Russia draws up new draft agreement with EU on transborder gas pipelines

Russia has readied a new draft agreement with the European Union (EU) on transborder gas pipelines, Russian Energy Minister Alexander Novak told journalists on Friday.

Novak said that Russia plans to present the draft to EU representatives on Dec. 21

"We have prepared a draft of a new modified agreement and expect to pass it on in Brussels on Dec. 21. We've left projects in it like Nord Stream with the OPAL and NEL branches, as well as South Stream," Novak said.

The minister added that Russia and countries through which the South Stream pipeline will run are already actively working on granting the pipeline national project status for each country.

"Decisions have already been made for Bulgaria and Hungary at the legislative level for giving the project national status. We expect all countries to make similar decisions. Such a decision is being prepared for Serbia. This will form the basis for giving South Stream status as a transborder project," Novak said.

According to the EU's new antimonopoly rules (the Third Energy Package), a pipeline owner can only use half of the built capacity. The remaining capacity should be made accessible to third-party suppliers.

As a result, Russian gas giant Gazprom and the Energy Ministry have proposed signing an intergovernmental agreement on transborder infrastructure projects.

A Gazprom spokesperson earlier said that a new procedure might be approved in July 2013, according to which a pipeline might receive status as a "project of mutual interest". The structure and mechanism for granting this status has yet to be determined but countries involved in transborder projects can go to the EU Council with a proposal to give projects special status. Furthermore, the EU Council has already gone to the European Commission with instructions to grant such status.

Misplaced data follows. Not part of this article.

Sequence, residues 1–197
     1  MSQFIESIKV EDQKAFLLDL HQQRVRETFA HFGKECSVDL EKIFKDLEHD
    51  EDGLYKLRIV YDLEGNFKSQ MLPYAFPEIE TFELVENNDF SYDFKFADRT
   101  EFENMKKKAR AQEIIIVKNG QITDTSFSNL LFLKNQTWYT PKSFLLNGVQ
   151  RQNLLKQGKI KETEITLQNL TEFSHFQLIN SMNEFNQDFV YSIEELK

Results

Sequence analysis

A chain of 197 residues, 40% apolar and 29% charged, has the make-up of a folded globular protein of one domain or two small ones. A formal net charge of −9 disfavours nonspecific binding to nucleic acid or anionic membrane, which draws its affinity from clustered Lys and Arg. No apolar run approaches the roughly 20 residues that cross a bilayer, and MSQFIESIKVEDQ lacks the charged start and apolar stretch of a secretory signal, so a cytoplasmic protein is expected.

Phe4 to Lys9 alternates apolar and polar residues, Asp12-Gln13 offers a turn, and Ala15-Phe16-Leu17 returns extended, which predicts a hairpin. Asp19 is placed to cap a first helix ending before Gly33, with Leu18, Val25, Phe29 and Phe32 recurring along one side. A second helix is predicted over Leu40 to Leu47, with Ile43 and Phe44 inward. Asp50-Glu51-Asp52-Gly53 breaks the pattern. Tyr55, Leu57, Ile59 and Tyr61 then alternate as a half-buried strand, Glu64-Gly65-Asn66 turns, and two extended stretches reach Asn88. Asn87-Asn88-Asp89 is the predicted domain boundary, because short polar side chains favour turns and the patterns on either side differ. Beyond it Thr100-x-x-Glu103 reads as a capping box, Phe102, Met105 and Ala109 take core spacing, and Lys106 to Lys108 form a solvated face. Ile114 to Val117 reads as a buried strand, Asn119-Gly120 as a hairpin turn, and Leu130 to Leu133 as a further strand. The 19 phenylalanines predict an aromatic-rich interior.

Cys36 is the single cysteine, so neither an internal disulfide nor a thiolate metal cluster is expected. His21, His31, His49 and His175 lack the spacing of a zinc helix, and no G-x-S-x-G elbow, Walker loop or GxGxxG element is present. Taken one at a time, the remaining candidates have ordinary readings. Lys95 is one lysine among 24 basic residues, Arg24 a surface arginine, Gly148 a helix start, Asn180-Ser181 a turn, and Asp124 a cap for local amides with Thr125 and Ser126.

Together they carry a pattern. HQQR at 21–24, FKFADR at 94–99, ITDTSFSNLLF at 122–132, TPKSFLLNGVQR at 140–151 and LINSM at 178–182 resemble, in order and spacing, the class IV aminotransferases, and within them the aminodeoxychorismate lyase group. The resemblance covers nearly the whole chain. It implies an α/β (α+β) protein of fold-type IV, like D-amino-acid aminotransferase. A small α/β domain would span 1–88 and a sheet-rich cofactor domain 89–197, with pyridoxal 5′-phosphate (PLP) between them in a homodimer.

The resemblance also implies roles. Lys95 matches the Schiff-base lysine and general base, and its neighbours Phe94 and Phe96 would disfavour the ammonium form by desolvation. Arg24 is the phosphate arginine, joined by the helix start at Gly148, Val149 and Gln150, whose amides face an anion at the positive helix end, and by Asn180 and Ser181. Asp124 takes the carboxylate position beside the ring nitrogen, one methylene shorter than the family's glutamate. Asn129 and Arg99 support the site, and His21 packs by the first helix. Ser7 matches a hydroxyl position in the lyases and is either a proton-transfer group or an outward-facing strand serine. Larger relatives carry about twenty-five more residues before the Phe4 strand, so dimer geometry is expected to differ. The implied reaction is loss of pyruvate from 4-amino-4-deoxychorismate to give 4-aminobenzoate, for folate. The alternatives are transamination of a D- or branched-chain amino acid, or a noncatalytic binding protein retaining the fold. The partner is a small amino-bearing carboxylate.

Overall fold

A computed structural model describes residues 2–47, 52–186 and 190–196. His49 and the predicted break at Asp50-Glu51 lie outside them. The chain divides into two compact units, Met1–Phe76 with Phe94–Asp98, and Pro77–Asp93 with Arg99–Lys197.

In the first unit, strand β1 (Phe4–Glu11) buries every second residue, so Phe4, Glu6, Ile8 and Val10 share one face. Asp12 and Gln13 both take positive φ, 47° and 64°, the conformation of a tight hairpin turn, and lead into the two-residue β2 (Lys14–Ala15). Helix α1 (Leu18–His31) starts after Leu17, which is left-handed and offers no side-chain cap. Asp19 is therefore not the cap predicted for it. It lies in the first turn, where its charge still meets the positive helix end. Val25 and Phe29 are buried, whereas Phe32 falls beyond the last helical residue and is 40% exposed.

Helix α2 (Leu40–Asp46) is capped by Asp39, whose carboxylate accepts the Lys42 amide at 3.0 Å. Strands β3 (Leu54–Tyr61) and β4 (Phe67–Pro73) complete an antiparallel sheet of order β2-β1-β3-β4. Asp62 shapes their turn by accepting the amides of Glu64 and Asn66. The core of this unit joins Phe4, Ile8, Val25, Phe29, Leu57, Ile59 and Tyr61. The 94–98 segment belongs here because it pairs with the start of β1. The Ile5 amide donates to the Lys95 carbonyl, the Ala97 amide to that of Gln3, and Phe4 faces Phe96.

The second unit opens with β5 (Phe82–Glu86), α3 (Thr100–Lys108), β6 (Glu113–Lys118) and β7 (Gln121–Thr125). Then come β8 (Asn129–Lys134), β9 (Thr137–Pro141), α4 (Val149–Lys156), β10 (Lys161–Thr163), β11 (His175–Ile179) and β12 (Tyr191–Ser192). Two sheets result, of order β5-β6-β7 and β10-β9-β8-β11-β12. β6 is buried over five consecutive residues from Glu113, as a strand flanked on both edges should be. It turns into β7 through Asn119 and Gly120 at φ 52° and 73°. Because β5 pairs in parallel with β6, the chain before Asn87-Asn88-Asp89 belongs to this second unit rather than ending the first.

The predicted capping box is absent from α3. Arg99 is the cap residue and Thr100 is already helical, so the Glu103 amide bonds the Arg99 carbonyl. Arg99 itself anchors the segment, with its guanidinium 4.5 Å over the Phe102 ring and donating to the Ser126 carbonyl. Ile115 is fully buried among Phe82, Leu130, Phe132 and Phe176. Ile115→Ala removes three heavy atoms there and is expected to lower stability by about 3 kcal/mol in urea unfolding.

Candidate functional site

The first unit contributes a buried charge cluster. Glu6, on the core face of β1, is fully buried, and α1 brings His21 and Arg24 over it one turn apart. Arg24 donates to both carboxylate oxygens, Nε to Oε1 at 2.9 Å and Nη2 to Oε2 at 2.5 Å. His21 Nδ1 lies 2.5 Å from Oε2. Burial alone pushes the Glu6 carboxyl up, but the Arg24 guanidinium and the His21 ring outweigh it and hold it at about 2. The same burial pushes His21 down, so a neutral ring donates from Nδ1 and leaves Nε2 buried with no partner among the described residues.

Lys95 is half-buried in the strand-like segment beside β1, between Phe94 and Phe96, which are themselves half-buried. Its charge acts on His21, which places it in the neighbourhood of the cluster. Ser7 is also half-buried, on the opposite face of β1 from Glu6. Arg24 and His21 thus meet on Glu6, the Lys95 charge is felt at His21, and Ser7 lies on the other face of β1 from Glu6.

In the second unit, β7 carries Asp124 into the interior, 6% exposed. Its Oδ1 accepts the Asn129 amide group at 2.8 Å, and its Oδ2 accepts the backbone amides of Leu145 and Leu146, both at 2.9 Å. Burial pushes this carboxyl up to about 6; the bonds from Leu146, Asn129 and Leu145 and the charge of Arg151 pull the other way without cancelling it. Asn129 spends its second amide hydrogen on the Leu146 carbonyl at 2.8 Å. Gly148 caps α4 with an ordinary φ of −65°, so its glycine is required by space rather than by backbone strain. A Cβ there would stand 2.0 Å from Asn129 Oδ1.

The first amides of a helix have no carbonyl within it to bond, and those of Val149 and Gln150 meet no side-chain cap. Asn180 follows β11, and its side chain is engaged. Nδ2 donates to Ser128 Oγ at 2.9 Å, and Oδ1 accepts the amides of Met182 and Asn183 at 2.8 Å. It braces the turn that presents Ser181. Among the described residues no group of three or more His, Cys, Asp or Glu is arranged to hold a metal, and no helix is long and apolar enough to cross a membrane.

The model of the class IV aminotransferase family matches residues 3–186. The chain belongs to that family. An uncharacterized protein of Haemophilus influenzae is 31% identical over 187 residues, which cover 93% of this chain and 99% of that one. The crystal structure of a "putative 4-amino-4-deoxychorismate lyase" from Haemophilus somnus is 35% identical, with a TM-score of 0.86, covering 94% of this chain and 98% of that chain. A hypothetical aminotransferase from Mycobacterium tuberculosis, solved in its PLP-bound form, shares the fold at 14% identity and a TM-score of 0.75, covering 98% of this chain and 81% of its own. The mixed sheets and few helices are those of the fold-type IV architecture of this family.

Gazprom CEO Alexei Miller earlier said that "while providing necessary gas to the market at the EU's borders, we now cannot plan to use adequate transport capacity for delivering this volume to the points of delivery when gas changes owner and is injected into the European gas distribution system".

He said that this is becoming a serious issue for Nord Stream since it already delivers gas to European consumers but the discriminatory measure hampers the effective operations of the OPAL and NEL gas pipelines, which are part of Nord Stream.

"A logical question is who should be responsible for losses of investment and the possible breakdown of gas supply to EU buyers," Miller said.

He added that if the logic of European officials is followed, it would be necessary to build gas pipelines with twice the capacity than needed in order pump planned volume. "At the same time, in the name of ideological purity of the Third Energy Package experiment, the other half of the pipelines will be empty since the gas from third parties won't be physically available," he said.

Miller proposed consideration of dryland sections of trunk pipelines as the continuation of export gas pipelines set up along the bottom of the Black Sea (South Stream) and Baltic Sea (Nord Stream).

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